4 Benefits of Affliction

“The very fact that he assaults us should fill our minds with hope.”

– J.C. Ryle


We know that God is sovereign and that whatever comes our way is always going to work out for our best in the end (Rom. 8:28). So if we run into interference when we’re trying to do something important, maybe God’s telling us we need to go another direction. God’s correction is always done in love and never in anger. He is better than any earthly father and knows far better what’s best for His children. As children we just don’t always know what’s best for ourselves. Maybe this is the humility Jesus sought in the followers of the kingdom: that of a young child (Matt. 18:3).


If there’s an area in our life that God is not pleased with, He’ll assault us through the conviction of the Holy Spirit. The Spirit’s affliction is really not a bad thing at all. In fact, the psalmist wrote, “It is good for me that I was afflicted, that I might learn your statutes” (119:71), meaning it was a good thing God allowed this affliction to come to him because it made him learn God’s word. Knowing God’s Word can help keep us out of sin.


Now that my son has his own children, he understands why I had to correct him when he was young. He saw that discipline was connected to love. Without discipline there is only apathy; but where there is discipline, there is always love. The author of Hebrews wrote, “The Lord disciplines the one he loves, and chastises every son whom he receives” (Heb. 12:6). Any correction God sends us is because He loves us and wants us to seek Him more. I say “us” because I’m certainly not above correction either! God can take me behind the spiritual “woodshed,” too.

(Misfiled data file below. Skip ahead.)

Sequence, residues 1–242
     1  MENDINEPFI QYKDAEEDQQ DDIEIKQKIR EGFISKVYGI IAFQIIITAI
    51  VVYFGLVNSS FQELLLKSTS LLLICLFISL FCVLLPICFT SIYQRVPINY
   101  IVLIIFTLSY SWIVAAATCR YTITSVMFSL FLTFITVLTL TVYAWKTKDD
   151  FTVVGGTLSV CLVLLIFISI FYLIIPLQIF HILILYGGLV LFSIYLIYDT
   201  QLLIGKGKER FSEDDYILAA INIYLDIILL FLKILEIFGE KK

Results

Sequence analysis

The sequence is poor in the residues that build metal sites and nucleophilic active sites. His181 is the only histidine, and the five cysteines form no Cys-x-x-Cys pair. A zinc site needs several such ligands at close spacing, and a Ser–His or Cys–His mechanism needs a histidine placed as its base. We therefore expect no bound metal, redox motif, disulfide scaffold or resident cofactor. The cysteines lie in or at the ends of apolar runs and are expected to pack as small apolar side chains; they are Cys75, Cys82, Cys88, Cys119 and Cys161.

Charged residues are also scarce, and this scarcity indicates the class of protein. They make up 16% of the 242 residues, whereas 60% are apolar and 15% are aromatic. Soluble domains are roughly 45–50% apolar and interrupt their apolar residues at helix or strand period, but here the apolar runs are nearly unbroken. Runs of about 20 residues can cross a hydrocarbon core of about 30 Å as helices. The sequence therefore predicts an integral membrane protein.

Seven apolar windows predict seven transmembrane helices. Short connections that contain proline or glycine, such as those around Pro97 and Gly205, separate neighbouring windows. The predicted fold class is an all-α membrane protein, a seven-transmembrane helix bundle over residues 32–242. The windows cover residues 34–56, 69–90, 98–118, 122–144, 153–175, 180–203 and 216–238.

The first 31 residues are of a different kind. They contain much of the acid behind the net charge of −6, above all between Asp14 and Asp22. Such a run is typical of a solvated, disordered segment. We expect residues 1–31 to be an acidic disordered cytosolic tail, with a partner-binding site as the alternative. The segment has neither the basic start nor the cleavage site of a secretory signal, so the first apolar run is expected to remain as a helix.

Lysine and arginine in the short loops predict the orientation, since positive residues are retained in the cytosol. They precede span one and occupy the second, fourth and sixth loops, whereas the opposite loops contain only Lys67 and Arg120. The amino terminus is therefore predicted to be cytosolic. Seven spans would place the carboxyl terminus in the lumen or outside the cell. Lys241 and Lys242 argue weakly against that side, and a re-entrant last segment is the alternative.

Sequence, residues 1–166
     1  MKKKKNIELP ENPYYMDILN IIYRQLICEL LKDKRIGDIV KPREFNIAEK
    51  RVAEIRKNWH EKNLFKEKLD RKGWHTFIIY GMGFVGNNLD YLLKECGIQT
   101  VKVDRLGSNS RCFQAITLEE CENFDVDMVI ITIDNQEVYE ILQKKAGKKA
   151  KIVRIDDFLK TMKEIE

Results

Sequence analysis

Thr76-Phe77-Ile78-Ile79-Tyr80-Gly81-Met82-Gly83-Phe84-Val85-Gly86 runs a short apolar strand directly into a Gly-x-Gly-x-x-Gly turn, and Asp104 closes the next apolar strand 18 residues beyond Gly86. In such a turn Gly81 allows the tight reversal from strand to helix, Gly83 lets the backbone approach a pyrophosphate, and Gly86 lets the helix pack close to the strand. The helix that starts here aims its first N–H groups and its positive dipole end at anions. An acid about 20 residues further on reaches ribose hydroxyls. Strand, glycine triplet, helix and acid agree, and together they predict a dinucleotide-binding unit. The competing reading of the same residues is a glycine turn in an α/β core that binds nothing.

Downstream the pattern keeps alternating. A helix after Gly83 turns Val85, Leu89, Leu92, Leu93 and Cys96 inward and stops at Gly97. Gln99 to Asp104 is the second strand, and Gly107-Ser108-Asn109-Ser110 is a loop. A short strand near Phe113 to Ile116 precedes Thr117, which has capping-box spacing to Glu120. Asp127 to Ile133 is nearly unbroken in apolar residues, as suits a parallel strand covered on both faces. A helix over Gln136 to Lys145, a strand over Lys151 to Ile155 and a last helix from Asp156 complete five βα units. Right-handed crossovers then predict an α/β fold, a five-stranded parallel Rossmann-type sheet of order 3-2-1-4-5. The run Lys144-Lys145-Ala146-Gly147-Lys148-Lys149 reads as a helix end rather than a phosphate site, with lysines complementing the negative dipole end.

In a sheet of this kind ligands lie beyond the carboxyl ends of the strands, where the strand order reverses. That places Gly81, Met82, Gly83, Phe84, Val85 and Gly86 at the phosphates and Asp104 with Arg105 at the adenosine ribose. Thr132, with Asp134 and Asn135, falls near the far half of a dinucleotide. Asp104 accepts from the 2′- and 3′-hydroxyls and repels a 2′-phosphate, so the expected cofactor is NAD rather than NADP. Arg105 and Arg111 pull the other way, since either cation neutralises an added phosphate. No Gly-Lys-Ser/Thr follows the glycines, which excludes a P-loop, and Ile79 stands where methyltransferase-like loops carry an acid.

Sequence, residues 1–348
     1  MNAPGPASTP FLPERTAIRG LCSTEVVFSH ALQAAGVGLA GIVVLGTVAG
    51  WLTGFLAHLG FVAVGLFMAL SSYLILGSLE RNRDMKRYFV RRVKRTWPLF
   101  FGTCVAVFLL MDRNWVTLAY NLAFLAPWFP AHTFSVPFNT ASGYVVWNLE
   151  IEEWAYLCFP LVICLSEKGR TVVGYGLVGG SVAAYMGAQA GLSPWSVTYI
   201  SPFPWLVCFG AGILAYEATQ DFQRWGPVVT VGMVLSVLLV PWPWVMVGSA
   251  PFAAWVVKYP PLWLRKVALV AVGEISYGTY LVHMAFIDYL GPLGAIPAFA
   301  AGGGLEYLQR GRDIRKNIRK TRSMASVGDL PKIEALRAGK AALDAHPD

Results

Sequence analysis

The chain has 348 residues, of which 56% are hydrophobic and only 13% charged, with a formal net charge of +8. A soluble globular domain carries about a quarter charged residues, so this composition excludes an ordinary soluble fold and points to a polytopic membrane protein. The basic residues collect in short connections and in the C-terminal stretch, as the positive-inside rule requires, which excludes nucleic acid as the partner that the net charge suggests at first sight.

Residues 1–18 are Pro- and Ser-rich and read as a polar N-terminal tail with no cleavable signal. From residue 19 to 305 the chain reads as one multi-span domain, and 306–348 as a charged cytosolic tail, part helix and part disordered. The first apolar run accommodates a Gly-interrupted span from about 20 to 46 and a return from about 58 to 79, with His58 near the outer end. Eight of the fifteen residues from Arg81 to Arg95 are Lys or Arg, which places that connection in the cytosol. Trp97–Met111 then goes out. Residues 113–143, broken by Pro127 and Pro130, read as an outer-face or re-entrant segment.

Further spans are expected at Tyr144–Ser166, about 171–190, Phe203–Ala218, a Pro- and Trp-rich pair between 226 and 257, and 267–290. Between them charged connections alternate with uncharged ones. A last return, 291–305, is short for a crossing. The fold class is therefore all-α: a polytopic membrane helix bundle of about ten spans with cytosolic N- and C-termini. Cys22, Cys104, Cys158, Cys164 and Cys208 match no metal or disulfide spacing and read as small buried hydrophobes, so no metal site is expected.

I touched on this earlier, that discipline shows there is love in it. If you don’t care what happens to someone, then you really don’t love that person. However, if you have affection for them, you’ll be brave enough to correct them if you see them hurting themselves by some serious sin. That’s what friends do. God sometimes uses others to correct us, but we must remind them that our concern for them is motivated out of love, as is God’s. Friends are born for such adversity. Friends love at all times (Prov. 17:17) and love you enough to tell you (and me) the truth.


God works in mysterious ways, which we cannot always comprehend or see. I am sure He has done many things for us that we don’t even know about; I’m certain of that. We need to recognize that God loves us enough to discipline us to change our direction in life, make us reflect on our lives, and correct us when we need it for our own good and to know that He loves us enough to always do what’s best for us.